A series of charcoal/chalk drawings from 2004 are paradigmatic for an understanding of Claudia Betzin's work. Thesebegan with a nude model seen through two overlapping layers of plastic film.

Dim shapes emerge in an image area that appears to be interwoven with an singular movement that is simultaneously spit into various image areas. The shapes are sometimes divided into an upper and lower half by being forced apart in their middle by a sluggish river that elsewhere passes over them as a heavy cloud. The intertwining of superficiality and depth, overlaps and upthrows on the different image planes, of the construction and deconstruction of space turn the picture into a temporally interwoven discontinuum that ensnarls our gaze.
Only after our gaze has penetrated a part of the space, has exposed and examined it layer by layer, gradually changing the apparition into an initial tentative perception of a possible relationship, is it released from the picture's space, thus achieving a certain distance from which a new web of spatial relationships can develop with the other parts of space which then has to be cleared and investigated anew. Nevertheless, as soon as a network starts to stabilise our gaze hits upon a resistance and is lowered or founders on the density of the picture.
Circling around the assumed motif of the picture, our gaze is repeatedly drawn back to itself and its own projections that force themselves between us and the picture and only release our gaze from this temporary fixation after the next blink of an eye before being captured again in the picture.

What develops in this reception of Claudia Betzin's pictures is nothing more than the potential that also leads to their creation. It is not perchance that the artist says that she has to prepare her canvasses, adjusting and adapting them in an initial, intuitive draft that forms the starting point for all later attempts to find, develop or reject the picture. It is not perchance that processes such as painting over, elimination, overlapping, that can be found in all of her works in one way or another, play such a decisive role. Nor are the variations of objective or scenic associations and designated horizons haphazard, whose only meaning is to create a space that is necessary so that we can keep our distance.

The singular interaction between settlement, appearance, reflection and imagination during the creation of the picture correlates to the interaction of appearance, projection, reflection and perception on the level of reception. The most important things take place between the pictures – on the level of production between the individual states of the picture, on the level of reception between the individual phases of picture appropriation. Expression becomes articulation in the space between just like the seen becomes the perceived.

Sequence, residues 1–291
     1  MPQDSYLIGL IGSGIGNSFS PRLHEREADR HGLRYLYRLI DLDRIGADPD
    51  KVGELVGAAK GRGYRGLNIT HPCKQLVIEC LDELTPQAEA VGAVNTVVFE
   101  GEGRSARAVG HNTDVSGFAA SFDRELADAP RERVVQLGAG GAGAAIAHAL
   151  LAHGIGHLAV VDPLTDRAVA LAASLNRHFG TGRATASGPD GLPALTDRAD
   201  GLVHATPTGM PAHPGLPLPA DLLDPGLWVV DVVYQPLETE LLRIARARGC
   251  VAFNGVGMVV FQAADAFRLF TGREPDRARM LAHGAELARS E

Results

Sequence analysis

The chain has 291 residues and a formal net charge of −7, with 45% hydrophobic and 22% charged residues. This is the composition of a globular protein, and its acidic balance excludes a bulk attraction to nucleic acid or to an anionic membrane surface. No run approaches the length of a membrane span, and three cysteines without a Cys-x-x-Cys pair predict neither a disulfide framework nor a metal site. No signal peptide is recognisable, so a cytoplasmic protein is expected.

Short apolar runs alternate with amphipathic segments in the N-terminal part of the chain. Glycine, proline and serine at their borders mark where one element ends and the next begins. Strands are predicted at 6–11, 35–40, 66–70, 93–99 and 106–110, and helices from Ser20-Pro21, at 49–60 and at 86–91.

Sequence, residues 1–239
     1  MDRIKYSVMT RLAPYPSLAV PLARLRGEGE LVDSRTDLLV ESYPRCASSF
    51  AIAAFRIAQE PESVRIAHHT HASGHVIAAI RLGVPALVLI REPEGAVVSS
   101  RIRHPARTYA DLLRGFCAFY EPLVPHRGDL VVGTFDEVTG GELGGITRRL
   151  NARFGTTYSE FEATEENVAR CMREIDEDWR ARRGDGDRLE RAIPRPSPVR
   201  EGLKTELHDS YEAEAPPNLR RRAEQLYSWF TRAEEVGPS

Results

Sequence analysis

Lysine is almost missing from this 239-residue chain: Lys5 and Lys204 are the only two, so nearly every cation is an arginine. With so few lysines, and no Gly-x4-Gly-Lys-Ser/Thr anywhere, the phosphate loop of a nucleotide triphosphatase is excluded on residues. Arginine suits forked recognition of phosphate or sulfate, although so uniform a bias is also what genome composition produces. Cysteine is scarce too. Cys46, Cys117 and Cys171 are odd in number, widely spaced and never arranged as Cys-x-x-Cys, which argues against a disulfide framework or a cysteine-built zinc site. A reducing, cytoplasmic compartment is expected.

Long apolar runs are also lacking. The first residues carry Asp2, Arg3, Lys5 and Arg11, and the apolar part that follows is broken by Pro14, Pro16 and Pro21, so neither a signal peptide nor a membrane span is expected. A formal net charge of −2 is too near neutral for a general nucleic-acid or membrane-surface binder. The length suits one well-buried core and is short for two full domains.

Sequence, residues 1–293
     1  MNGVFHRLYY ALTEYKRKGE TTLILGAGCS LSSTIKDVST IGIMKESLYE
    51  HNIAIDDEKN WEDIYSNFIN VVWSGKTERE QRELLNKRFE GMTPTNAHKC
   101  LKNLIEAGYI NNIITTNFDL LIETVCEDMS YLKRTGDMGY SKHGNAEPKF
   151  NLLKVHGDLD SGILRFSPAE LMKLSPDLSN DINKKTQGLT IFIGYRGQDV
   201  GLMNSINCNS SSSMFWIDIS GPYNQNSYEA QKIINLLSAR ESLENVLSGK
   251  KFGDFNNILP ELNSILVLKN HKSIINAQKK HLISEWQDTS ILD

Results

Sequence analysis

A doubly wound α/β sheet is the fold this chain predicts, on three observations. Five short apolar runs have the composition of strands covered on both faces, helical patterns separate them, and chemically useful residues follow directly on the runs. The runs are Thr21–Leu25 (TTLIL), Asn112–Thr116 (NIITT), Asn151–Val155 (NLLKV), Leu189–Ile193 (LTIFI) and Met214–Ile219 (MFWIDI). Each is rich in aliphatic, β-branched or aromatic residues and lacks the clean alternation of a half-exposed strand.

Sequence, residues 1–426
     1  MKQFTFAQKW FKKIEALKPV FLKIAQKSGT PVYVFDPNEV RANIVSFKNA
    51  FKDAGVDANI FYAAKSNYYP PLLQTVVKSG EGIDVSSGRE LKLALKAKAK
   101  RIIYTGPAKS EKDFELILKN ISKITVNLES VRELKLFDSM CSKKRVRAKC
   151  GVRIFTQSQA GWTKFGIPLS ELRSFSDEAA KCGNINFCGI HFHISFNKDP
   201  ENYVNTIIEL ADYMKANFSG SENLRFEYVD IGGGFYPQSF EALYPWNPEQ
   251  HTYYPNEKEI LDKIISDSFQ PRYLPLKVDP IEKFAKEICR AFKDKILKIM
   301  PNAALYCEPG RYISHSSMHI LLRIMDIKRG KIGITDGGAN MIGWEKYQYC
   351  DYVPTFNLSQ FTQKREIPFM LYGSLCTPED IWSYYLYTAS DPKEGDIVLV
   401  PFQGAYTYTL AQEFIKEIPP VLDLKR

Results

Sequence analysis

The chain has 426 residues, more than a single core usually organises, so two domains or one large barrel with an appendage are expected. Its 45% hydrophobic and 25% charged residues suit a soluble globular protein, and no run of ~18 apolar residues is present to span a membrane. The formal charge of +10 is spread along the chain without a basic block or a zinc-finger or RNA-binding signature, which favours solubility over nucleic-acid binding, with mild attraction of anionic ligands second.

This may hold true for many pictures at first glance, but what makes Claudia Betzin's work so special is that ways of perceiving pictures have turned into production processes for pictures in them by inextricably combining both sides of the picture – its genesis and reception. A strict differentiation between the viewer's standpoint and artist's standpoint is no longer possible. Rather, these two simultaneously assume both standpoints in a salutatory exchange, intertwining the moments of the picture production and picture reception in such a way that that actual picture comes into existence in the space between this double dialogue.

Claudia Betzin succeeds in bringing together presumed contrasts across all borders by giving contrasts space to develop in her paintings. Deliberate breaks, disjunctions and interruptions repeatedly broach the issue of not only densely atmospheric, heavily worked image areas but also the process-like nature of her painting, that is irritatingly physical despite all of its fleetingness.

In the same way that cool and warm colours are often found alongside each other in her works, two separate image areas complement each other as a picture, graphic elements turn into painting and vice versa, space develops in time and time is inscribed in spaces, Claudia Betzin's painting is both carefully balanced and at the same time imponderable, moving between process and stalemate, realism and abstraction, impression and manifestation – an inconclusive dialogue between form and composition where painting occurs.

Karin Stempel

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